Despite the courts’ own insistence that legislatures would make these decisions better, the judiciary has formulated much of the policy surrounding termination of life-sustaining treatment. Only recently has the locus of policy begun to shift to federal and state legislatures. The Supreme Court’s decision in Cruzan provided an impetus for the move to legislative policymaking on the right to die.36 In Cruzan, the U.S. Supreme Court upheld the decision of the Missouri Supreme Court to adopt a clear and convincing evidence standard for the termination of life-sustaining treatment. The Supreme Court never mentioned the word “privacy” in its decision. Instead, it found that competent patients had a “liberty interest” to refuse treatments. The Court did not view the individual’s liberty interest as “fundamental”; this suggested that the state interest in preserving life could prevail.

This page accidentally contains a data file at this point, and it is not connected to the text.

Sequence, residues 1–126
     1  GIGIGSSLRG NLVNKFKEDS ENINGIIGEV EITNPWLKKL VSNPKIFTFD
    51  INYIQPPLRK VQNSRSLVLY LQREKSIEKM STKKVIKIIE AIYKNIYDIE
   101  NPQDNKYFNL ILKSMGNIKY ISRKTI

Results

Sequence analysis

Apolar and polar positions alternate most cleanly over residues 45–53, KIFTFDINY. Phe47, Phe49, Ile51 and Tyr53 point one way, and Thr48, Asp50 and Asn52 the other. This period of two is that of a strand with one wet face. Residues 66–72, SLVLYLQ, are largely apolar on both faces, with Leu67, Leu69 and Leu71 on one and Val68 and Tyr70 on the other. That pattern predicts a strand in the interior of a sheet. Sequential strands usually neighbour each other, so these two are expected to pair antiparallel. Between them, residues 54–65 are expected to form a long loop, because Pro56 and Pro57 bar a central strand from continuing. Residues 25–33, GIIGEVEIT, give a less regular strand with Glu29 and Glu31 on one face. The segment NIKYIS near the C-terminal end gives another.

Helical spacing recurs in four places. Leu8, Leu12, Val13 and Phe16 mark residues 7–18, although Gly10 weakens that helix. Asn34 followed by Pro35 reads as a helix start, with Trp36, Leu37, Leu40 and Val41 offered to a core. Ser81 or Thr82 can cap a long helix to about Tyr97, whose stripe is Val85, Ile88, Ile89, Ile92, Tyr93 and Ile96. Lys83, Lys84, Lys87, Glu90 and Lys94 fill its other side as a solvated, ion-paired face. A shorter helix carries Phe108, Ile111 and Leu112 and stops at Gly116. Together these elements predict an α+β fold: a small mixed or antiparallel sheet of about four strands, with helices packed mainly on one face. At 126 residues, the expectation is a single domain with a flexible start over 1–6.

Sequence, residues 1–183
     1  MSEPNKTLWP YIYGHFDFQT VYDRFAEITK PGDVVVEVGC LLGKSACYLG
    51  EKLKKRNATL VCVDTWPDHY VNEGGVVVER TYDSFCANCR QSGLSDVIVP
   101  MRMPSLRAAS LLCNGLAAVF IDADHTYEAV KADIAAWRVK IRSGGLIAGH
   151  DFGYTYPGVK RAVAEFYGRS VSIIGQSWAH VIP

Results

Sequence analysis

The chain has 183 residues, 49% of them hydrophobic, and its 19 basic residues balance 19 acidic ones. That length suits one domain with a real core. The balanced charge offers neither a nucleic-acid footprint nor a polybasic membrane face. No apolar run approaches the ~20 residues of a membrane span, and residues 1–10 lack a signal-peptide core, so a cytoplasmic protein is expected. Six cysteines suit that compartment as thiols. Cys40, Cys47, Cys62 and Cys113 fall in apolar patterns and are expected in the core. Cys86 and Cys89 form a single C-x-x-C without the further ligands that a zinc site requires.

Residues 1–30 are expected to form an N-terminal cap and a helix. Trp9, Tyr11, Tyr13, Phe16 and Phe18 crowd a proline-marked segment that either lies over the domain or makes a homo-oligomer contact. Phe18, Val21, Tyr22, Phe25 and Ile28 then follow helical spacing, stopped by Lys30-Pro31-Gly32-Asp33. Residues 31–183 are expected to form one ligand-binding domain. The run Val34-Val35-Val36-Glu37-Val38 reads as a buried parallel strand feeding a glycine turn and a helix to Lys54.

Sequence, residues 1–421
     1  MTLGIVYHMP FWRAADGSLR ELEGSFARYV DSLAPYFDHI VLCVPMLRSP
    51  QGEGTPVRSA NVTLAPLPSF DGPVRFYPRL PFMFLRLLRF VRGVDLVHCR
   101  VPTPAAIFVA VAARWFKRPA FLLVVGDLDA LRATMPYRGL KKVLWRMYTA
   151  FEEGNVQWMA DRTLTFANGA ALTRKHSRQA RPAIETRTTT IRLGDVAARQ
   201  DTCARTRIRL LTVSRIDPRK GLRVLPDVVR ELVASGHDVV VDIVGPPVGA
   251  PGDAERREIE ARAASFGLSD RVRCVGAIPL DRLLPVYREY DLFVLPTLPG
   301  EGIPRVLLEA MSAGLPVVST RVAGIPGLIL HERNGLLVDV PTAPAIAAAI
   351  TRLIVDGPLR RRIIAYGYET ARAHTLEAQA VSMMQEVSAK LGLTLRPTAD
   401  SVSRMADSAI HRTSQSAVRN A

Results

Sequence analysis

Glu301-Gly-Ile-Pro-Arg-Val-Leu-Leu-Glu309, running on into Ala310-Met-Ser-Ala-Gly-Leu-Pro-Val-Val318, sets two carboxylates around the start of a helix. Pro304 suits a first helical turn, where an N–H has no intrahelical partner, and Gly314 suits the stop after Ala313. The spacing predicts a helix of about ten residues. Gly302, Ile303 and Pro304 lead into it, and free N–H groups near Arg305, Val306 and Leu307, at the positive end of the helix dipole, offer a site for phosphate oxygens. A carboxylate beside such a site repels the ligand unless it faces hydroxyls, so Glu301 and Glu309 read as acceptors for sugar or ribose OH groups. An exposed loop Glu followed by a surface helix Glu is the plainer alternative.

Legislatures began to conceive of ways in which the decisions of persons to refuse life-sustaining treatments could be more routinely respected. In her concurrence in Cruzan, Justice O’Connor gave some guidance by suggesting that the Court might in the future constitutionally protect the advance directives of patients. In 1990, Congress enacted the federal Patient Self-Determination Act, with an implementation date of December 1, 1991. The Act conditions health care providers’ receipt of Medicare or Medicaid dollars on their provision of written information at the time of admission about patients’ rights under state law to accept or refuse medical treatment and to formulate advance directives. Since Cruzan, state law on advance directives has increasingly been crafted by legislatures. The Context and Process of Health Policymaking Essay.